3. General Records of the Department of State, 1763 – 2002. Numerical Files, 1906 – 1910. M862 Roll 845. Giuseppe Morello criminal record.
    Flynn, W. J. (1919) The Barrel Mystery. New York: The James A. McCann Company. 243-261[]
  4. U.S. Circuit Court of Appeals for the Second Circuit, The United States of America vs. Guiseppe Calicchio et al, Transcript of Record. Ciro Terranova testimony[]
  5. U.S. National Archives and Records Administration (hereafter referred to as NARA), RG 87, Daily Reports of Agents, (hereafter referred to as DRA). William P. Hazen. Vol. 5 (Mar 18, 1899) []
  6. NARA, RG 87, DRA. William P. Hazen. Vol. 9 (Jun 9, 12, 18, 28 1900)
    Critchley. The Origin of Organized Crime in America. 58[]
  7. Real estate record and builders’ guide (1900) Vol.66. New York: F. W. Dodge Corp. 589[]
  8. Guiseppe Calicchio et al, Transcript of Record. Ciro Terranova testimony[]
  9. Warner, Santino, Van`t Riet. Early New York Mafia An Alternative Theory. 90[]
  10. NARA, RG 87, DRA. William J. Flynn (Jan 4, 1903)
    The Evening World (Jul 24, 1902) 1[]
  11. U.S. Circuit Court of Appeals for the Second Circuit, The United States of America vs. Giuseppe Calicchio et al. 450, 462[]
  12. Manhattan marriage certificate 251 (1903) []
  13. The Baltimore Sun (Apr 17, 1903) 8[]
  14. Warner, Santino, Van‘t Riet. Early New York Mafia An Alternative Theory. 7[]
  15. Flynn, W. J. (1919). The Barrel Mystery. New York: The James A. McCann Company. 28
    Frank Marshall White (1913). A Famous Tragedy of the Black Hand. Pearson’s Magazine. Vol. 30.
    The Brooklyn Daily Eagle (Jan 12, 1904) 20[]
  16. New York Times (Nov 13, 1909)
    New York Times (Dec 5, 1908)
    The United States of America vs. Giuseppe Calicchio et al. []
  17. The Washington Post (May 3, 1914) 8
    NARA, RG 87, DRA. William J. Flynn. Vol. 8 (Feb 14, 16, 1903) []
  18. Black, Jon (2014). The Grocery Conspiracy. []
  19. Brooklyn Citizen (Jul 19, 1903)
    Brooklyn Daily Eagle (Apr 13, 1914)
    New York Tribune (Apr 14, 1914)
    The Lloyd Sealy Library of John Jay College of Criminal Justice, Trial Transcripts of the County of New York. Court of General Sessions 1883–1927. #1857 Philip S. Saitta (1914-3-20)
    Black, Jon (2014). The Grocery Conspiracy[]
  20. NARA, RG 87, DRA. William P. Hazen. Vol. 9 (Jun 9, 12, 18, 28 1900) []
  21. Critchley. The Origin of Organized Crime in America. 40[]
  22. The Scranton Republican (Nov 28, 1902). 2
    Buffalo Courier (Dec 7, 1902) 2
    NARA, RG 87, DRA. William J. Flynn & New York Volumes (1902~1930)
    Warner, Santino, Van‘t Riet. Early New York Mafia An Alternative Theory. 5[]
  23. NARA, RG 87, DRA. William J. Flynn. Vol. 6 (May 29, Jun 4, 1902) []
  24. NARA, RG 87, DRA. William J. Flynn. Vol. 6 (Mar 23, 1903) []
  25. The Ignatz Florio Co-Operative Association Among Corleonesi. Certificate of Incorporation. 1902
    Critchley. The Origin of Organized Crime in America. 46[]
  26. NARA, RG 87, DRA. William J. Flynn. Vol. 28 (Nov 22, 1909) 
    Flynn. The Barrel Mystery. 30, 184
    NARA, RG 87, DRA. William J. Flynn (Feb 10, 1913) Statement of Salvatore Cina
    Central Union Gas Co. vs Browning (1911)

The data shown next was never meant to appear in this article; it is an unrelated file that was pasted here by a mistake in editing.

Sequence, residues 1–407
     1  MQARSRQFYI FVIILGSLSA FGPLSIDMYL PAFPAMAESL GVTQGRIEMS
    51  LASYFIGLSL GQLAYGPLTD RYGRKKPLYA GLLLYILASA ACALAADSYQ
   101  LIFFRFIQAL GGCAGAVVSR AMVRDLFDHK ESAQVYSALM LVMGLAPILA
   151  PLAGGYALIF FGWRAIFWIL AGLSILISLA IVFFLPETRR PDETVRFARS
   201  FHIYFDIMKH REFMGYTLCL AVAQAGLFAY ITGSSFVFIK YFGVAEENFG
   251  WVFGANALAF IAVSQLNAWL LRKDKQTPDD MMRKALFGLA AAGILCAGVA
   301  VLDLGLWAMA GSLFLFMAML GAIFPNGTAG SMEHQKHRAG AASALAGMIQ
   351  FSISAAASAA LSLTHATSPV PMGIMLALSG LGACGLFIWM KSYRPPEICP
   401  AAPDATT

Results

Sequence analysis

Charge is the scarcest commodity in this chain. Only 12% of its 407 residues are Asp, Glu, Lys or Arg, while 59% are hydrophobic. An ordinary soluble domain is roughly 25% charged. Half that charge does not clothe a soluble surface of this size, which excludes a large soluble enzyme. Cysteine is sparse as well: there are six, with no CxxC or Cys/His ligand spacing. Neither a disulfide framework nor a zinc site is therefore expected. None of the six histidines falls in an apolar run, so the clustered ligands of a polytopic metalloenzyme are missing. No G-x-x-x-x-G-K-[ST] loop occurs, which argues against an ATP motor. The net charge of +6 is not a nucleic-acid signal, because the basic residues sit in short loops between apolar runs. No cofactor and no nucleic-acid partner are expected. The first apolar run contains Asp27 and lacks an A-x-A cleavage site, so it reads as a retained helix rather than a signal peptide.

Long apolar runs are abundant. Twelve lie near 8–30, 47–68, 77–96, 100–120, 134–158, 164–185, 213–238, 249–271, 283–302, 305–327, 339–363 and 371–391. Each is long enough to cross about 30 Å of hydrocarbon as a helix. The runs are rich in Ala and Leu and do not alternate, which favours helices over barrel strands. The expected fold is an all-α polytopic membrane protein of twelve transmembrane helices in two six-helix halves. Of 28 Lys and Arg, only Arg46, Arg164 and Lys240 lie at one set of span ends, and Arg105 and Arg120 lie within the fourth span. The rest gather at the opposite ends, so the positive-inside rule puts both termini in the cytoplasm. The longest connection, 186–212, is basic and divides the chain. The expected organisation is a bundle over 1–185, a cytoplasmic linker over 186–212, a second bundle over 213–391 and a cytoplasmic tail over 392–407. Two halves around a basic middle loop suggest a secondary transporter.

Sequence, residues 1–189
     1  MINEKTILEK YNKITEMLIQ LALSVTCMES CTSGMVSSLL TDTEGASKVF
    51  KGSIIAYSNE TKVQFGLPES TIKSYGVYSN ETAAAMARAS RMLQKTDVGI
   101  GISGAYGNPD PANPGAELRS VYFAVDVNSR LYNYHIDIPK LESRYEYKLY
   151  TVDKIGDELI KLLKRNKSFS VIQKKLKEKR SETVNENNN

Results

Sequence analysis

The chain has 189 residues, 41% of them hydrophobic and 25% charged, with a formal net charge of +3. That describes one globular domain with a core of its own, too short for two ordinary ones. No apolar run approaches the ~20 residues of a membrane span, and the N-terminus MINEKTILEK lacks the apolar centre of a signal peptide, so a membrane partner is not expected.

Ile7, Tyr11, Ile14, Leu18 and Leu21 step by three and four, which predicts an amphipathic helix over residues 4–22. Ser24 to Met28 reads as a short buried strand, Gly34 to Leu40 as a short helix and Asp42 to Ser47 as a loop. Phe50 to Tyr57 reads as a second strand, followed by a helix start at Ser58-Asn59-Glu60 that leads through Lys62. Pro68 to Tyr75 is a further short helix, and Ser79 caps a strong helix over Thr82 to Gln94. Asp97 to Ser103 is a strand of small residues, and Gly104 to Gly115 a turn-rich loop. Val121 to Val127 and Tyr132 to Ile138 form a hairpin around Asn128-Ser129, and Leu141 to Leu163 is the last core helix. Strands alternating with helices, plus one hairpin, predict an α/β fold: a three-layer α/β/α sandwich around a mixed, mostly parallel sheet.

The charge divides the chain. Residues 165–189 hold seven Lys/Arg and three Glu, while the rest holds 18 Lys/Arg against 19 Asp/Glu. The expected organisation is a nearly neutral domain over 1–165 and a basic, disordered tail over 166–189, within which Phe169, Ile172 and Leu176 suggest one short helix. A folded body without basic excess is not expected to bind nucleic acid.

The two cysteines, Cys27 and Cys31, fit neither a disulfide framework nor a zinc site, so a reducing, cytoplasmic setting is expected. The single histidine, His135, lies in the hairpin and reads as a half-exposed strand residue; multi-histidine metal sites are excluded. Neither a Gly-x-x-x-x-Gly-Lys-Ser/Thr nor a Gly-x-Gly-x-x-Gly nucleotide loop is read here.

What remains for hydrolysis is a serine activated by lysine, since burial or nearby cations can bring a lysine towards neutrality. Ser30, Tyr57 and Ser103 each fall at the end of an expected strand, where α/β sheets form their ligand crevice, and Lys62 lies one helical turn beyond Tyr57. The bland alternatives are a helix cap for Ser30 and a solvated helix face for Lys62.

John A. Philbrick vs “Ignatz Florio Co-Operative Association Among Corleonesi”, et al. (1908) []
  27. Black, Jon (2014) The Grocery Conspiracy.[]
  28. El Paso Times (Apr 18, 1903) []
  29. Confession of Antonio Comito. Lawrence Richey Papers. Black Hand Confessions, 1910. Herbert Hoover Presidential Library.[]
  30. New York Times (Mar 7, 8, 1906) 
    Certificate of Incorporation of the Ignatz Florio Co-operative Association Among Corleonesi. 1902
    The Washington Post (Mar 16, 1906) 1
    The Sun (Mar 9, 16, 1906)
    St Louis Post Dispatch (Mar 31, 1907) 2
    Chicago Tribune (Apr 1, 1907) 5
    Bisbee Daily Review (Apr 21, 1907) 11[]
  31. Confession of Antonio Comito[]
  32. Confession of Antonio Comito[]
  33. NARA, RG 87, DRA. Flynn. Vol.9 (Apr 26, 1903) []
  34. The Philadelphia Inquirer (Jun 3, 1912) []
  35. New York Herald. Jun 30, 1912.[]
  36. Warner, Santino, Van‘t Riet. Early New York Mafia An Alternative Theory. 63-64 
    “My ten biggest man hunts. William Flynn” Albuquerque Journal (Mar 13, 1922) []
  37. NARA, RG 87, DRA. New York. Vol. 76 (Dec 2, 1921) []
  38. NARA, RG 87, DRA. New York. Vol. 80 (Oct 5, 1922) []
  39. Critchley. The Origin of Organized Crime in America. 155
     Warner, Santino, Van‘t Riet. Early New York Mafia An Alternative Theory. 64, 68[]
  40. NARA, RG 87, DRA. New York. Vol. 83 (Mar 20, 1923) []
  41. NARA, RG 87, DRA. New York. Vol. 85 (Aug 28, 30, 1923) & (Sep 21, 25, 1923) []
  42. Warner, Santino, Van‘t Riet. Early New York Mafia An Alternative Theory. 88-89
    Critchley. The Origin of Organized Crime in America. 157, 181, 185
    Bonanno, Joseph, and Sergio Lalli. A Man of Honour: the Autobiography of a Godfather. Deutsch, 1983. 100 (morello 2nd in command) []
  43. New York Times (Aug 16, 1930) & (Apr 16, 1931) 1[]
  44. U.S. National Archives and Records Administration, Record Group 204, 230/40/1/3 box 956 (Ignazio Lupo).
    Brooklyn Times Union Thu Jul 16 1936. 2[]
  45. Treasury Men in Action. (Sep 11, 1950) The Case of Lupo the Wolf.[]
  46. St Louis Post Dispatch (Feb 21, 1938) 3A[]
  47. Critchley. The Origin of Organized Crime in America. 50[]